Model:Nd32000 Square filter
Name:square reducing light filter
Reduce light degree:15
Suitable lens:according to shot situation
Available holder: universal standard
Neutral Density filters have four main uses
To enable slow shutter speeds to be used, especially with high speed films, to record movement in subjects such as waterfalls, clouds, or cars
To decrease depth of field by allowing wider apertures to be used, which helps separate subjects from their background
To decrease the effective ISO of high speed film (above ISO 400) and allow it to be used outdoors in bright situations
To allow cine and video cameras (which have fixed shutter speeds) to film subjects such as snow, sand or other bright scenes which could cause overexposure.
NISI GND filters enables the shooter to adjust exposure without affecting color balance.
Often it is necessary or desirable to balance the light intensity in one part of a scene with another. This is especially true in situations where you don’t have total light control, as in bright contrasty landscapes. Exposing for the foreground will produce a washed-out, over-exposed sky while exposing for the sky will leave the foreground dark and under-exposed. This filter enables cloud detail to be kept correctly exposed in the picture.
Determining which graduated neutral density filter yields ideal results for any given lighting situation takes knowledge, experience and a collection of such filters. Choose the filter strength which adjusts the lighting to stay within the exposure latitude (greatest difference between bright/dark values) which still shows details in both of the digital or film medium in use.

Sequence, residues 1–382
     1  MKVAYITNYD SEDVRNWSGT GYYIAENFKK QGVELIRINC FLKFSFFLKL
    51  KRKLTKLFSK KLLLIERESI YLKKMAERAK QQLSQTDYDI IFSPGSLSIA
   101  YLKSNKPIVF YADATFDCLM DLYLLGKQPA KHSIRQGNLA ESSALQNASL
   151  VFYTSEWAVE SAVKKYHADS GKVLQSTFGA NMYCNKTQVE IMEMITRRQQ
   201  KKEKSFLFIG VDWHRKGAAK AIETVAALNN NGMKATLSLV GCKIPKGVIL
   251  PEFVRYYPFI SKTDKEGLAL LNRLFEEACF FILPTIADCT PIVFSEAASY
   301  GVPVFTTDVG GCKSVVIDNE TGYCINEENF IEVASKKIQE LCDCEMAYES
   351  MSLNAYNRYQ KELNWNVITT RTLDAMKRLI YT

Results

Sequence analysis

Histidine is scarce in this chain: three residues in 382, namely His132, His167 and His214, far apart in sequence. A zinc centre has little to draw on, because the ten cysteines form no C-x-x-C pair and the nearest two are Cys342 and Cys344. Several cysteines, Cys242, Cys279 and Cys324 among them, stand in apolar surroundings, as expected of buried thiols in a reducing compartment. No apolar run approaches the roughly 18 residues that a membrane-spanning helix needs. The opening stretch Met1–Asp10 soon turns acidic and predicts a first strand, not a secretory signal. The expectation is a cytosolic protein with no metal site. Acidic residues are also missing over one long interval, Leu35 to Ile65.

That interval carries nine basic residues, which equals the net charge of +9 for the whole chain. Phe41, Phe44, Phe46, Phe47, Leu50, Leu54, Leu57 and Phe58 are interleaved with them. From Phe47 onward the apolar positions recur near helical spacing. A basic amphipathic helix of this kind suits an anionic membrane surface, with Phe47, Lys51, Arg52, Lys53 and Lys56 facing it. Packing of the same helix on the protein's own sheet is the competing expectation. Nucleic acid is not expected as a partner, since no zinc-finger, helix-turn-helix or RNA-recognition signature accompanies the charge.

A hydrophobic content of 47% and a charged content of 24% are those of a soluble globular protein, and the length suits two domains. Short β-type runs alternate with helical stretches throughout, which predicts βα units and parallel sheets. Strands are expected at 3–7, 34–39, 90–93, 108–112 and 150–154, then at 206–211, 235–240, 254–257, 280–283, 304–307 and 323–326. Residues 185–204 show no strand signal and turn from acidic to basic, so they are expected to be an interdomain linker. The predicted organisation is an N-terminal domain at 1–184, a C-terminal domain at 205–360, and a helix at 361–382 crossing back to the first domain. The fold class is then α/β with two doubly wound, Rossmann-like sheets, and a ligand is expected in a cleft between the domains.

These filters have several uses and offers the possibility to achieve very interesting results. They enable the shooter to adjust exposure without affecting color balance. An ND filter appears gray and reduces the amount of light reaching either the sensor of a digital camera or the film plane of a traditional film camera.
A Neutral Density filter is used to create some unusual special effects such as capturing the “blur” of the rippling water of a waterfall or the swirling effect of city traffic. Since it allows the use of slower shutter speeds in bright light, it becomes possible to create these special effects that would normally not be possible to capture without the filter. And, since it can also help to control your depth of field, it permits you to shoot at wider apertures. Ultimately, its value is in helping to prevent bright, overly washed out images shot in bright light.